The Lord will guide [nāḥâ] you always; he will satisfy your needs [nepeš] in a sun-scorched land and will strengthen your frame. You will be like a well-watered garden, like a spring whose waters never fail. (Is 58:11, NIV).21

This word, like other words in verses 1 and 2 (Ps 23:2), recalls the Exodus:

By day the Lord went ahead of them in a pillar of cloud to guide [nāḥâ] them on their way and by night in a pillar of fire to give them light, so that they could travel by day or night. (Ex 13:21, NIV cf. Ex 13:17, 15:13, 32:34; Dt 32:12; Neh 9:12; Ps 77:20, 78:14).22

The word translated track (מַעְגָּל | maʿgāl) literally means “wagon track”23 or “course”.24

Metaphorically, this word refers to a “course of action or life” (cf. Pr 4:26, 5:21).25 When we stumble in life, sometimes we might say that we need to get back on track.

For the sheep in the psalm, righteous tracks likely refer to paths to the places of abundance.26 For humans, these likely refer to tracks that are “right with [God]”27 morally28 and the right path for our good (Pr 4:11; Is 26:7 cf. Pr 2:9).29

In other words, righteous tracks entail both right conduct and right consequences.30 The LORD makes it possible for the psalmist to not only walk on the right track, but to walk on the track, rightly.

For the Sake of His Name

We find the leading and guiding language with the sake of the Name of the LORD elsewhere in the Psalms:

Since you are my rock and my fortress, for the sake of your name lead [nāḥâ] and guide [nāhal] me. Keep me free from the trap that is set for me, for you are my refuge. (Ps 31:3-4, NIV).31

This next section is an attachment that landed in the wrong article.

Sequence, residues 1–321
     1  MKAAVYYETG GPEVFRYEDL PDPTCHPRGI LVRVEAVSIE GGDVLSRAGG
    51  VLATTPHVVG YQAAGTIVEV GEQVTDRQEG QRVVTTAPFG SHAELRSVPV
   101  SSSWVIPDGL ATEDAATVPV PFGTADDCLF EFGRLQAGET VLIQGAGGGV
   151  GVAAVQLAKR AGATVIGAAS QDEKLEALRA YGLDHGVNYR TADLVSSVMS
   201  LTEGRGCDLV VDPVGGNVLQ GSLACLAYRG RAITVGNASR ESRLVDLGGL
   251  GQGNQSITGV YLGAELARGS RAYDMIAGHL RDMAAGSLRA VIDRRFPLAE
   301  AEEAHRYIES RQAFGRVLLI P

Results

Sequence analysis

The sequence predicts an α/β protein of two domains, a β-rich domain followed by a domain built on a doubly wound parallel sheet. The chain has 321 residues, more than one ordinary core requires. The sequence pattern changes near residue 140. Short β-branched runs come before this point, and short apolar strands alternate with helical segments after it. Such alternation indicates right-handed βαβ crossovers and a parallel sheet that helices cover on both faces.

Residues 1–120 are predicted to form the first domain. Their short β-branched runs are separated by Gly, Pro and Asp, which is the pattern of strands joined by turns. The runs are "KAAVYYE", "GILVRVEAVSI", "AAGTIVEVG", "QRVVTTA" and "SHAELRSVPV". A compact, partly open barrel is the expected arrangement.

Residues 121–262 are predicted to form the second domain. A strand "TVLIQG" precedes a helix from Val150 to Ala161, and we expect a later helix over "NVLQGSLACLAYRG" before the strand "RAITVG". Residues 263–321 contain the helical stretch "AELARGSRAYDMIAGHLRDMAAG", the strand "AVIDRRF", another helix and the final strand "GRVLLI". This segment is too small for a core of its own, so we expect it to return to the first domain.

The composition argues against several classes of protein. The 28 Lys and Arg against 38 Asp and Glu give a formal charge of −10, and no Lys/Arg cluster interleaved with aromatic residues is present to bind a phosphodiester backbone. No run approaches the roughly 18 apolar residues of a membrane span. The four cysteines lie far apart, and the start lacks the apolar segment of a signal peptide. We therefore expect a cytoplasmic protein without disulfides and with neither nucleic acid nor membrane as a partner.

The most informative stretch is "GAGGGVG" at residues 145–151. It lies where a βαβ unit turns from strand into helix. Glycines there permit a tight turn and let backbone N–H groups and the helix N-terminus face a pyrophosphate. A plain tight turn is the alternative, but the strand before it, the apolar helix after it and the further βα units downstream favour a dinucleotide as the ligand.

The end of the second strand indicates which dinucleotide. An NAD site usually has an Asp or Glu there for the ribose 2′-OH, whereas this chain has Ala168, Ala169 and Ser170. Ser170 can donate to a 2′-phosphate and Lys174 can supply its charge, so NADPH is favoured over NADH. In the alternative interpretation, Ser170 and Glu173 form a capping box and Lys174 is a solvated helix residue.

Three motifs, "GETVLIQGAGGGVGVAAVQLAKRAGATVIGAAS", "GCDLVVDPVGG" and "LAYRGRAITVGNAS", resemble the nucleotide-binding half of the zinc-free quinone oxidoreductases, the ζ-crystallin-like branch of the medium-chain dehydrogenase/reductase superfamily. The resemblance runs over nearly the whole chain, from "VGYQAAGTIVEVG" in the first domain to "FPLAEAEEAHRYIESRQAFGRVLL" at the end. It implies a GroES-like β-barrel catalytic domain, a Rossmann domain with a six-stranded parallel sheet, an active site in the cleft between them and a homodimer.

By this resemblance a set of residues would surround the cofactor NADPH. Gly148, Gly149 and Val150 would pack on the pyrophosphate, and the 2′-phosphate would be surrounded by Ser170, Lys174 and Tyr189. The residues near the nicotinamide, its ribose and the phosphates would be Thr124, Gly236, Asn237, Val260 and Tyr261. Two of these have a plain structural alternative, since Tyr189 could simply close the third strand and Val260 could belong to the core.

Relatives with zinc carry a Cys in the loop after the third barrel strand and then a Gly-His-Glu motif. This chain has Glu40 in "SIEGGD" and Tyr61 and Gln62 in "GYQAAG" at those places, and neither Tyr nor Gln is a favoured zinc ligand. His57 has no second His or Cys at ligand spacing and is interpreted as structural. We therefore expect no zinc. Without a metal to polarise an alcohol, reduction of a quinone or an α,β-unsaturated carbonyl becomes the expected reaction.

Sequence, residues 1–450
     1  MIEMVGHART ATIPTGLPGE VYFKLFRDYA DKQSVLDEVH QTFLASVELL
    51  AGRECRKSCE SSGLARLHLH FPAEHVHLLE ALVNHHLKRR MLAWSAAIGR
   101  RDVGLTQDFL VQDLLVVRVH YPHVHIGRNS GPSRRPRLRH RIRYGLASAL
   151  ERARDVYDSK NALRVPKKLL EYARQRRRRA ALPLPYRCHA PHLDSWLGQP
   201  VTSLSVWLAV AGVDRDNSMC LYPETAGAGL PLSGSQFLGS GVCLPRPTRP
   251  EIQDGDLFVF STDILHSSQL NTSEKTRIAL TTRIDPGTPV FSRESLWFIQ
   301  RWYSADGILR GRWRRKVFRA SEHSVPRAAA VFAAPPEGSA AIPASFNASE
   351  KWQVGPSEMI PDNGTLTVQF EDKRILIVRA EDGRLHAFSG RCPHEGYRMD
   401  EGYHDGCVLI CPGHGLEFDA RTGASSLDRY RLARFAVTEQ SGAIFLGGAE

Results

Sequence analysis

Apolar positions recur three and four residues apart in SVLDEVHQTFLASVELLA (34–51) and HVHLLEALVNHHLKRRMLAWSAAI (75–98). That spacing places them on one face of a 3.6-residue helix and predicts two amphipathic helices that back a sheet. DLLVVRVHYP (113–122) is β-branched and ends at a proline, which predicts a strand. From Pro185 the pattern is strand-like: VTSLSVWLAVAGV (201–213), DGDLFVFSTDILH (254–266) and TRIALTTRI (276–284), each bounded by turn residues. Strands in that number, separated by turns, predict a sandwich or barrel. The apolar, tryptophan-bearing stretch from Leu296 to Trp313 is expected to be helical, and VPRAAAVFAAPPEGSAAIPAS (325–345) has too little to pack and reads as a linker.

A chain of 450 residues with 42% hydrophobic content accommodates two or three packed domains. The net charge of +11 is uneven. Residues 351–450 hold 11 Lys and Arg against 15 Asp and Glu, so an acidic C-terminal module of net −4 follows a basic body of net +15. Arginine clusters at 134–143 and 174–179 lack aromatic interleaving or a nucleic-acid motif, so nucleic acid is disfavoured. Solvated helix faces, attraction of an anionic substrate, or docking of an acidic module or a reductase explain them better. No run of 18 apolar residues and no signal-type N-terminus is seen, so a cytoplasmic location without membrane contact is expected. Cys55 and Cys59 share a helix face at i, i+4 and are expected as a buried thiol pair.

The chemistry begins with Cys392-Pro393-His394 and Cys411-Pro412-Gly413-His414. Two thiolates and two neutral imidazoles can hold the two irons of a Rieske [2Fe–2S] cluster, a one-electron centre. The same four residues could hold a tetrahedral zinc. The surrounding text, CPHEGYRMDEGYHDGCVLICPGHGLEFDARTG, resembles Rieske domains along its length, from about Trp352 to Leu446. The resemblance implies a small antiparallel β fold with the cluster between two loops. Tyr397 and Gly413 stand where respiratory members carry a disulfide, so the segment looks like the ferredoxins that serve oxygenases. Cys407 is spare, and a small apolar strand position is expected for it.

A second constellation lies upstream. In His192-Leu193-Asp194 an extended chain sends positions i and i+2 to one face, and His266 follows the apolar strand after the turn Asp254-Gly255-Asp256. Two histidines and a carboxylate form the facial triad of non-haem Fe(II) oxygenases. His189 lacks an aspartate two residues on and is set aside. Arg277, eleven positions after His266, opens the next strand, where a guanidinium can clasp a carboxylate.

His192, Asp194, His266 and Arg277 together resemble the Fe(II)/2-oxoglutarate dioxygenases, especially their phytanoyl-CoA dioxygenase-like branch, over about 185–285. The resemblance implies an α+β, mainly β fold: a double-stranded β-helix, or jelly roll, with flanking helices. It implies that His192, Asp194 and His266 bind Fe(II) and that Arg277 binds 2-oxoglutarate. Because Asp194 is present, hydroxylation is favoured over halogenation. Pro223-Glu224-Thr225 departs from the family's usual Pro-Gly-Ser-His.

Again, this language recalls the Exodus:

Yet he saved them for his name’s sake, to make his mighty power known. He rebuked the Red Sea, and it dried up; he led them through the depths as through a desert. (Ps 106:8-9, NIV).32

A shepherd may guide sheep through potentially dangerous paths to get to more abundant pasture.33 When the path looks treacherous, sheep have to trust their Shepherd.

For His Name’s sake means for the sake of His reputation.34 As Bon Jovi sang, people can “give love a bad name” — a bad reputation. In contrast, shepherding His people brings honor to God’s Name.35

Furthermore, God will be true to His character.36 As His Name implies, the Great I AM is faithful (cf. Ps 138:2)!37


The psalmist sings that the LORD refreshes the soul — our vitality and liveliness. He leads His sheep to walk with right conduct on track to right consequences. And He does this for the sake of His reputation — for His Name that implies unfailing faithfulness.

For more commentary, please see the Psalm 23 Bible Study page. The full bibliography can be found here, and the slideshow for this study can be viewed and downloaded here.


  1. Biblia Hebraica Stuttgartensia: With Werkgroep Informatica, Vrije Universiteit Morphology; Bible. O.T. Hebrew. Werkgroep Informatica, Vrije Universiteit. (Logos Bible Software, 2006), Ps 23:3.
  2. NIDOTTE, 133
  3. NIDOTTE, 133
  4. TWOT, 588
  5. TWOT, 588
  6. NIDOTTE, 133
  7. NIDOTTE, 133
  8. NIDOTTE, 133
  9. NIDOTTE, 133
  10. NIDOTTE, 133
  11. NIDOTTE, 133
  12. BDB, 659; cf. TWOT, 587-9; Briggs, 209
  13. cf. Jer 2:24; Prov 23:2, Eccl 6:7; Isa 5:14; Hab 2:5; NIDOTTE, 133
  14. NIDOTTE, 55 cf. BDB, 998
  15. Kidner, 127
  16. HALOT, 1431
  17. UBS, 232
  18. BDB, 661; TWOT, 589; cf. Lam 1:11, 16, 19; Kidner, 127
  19. TDOT, 510; BDB, 661; TLOT, 748
  20. Broyles, 123
  21. NIDOTTE, 76
  22. TWOT, 568-9; cf. Ex 13:17, 15:13, 32:34; Dt 32:12; Neh 9:12; Ps 77:20, 78:14; Goldingay, 350; Waltke, 439
  23. HALOT, 609; cf. Waltke, 439; Briggs, 211
  24. NIDOTTE, 1010
  25. BDB, 722, cf. DCH, 379; Pr 4:26; 5:21; Longman, 135; Jacobson, 242
  26. UBS, 232-3
  27. Motyer, 500
  28. Kidner, 128 cf. Longman, 135; Waltke, 439
  29. Jacobson, 242
  30. Waltke, 440
  31. TWOT, 559; NIDOTTE, 44; TDOT, 260; Jacobson, 242; Goldingay, 349, 350
  32. Broyles, 125; Craigie, 207
  33. Futato, 103; Goldingay, 351
  34. UBS, 233; Waltke, 440
  35. Futato, 103
  36. UBS, 233; Motyer, 500
  37. Jacobson, 242; Goldingay, 350; cf. Ps 138:2; Waltke, 440
About @DannyScottonJr 241 Articles
Imperfect Servant ✝📖⛪ | Husband | Princeton U. Alum | M. Div. | Assistant (to the) Pastor | Sound Doctrine & Apologetics @catchforchrist